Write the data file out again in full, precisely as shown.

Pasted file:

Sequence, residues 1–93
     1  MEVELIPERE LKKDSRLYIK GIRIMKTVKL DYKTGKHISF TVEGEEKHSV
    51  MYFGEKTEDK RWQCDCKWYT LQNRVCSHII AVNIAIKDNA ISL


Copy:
Sequence, residues 1–93
     1  MEVELIPERE LKKDSRLYIK GIRIMKTVKL DYKTGKHISF TVEGEEKHSV
    51  MYFGEKTEDK RWQCDCKWYT LQNRVCSHII AVNIAIKDNA ISL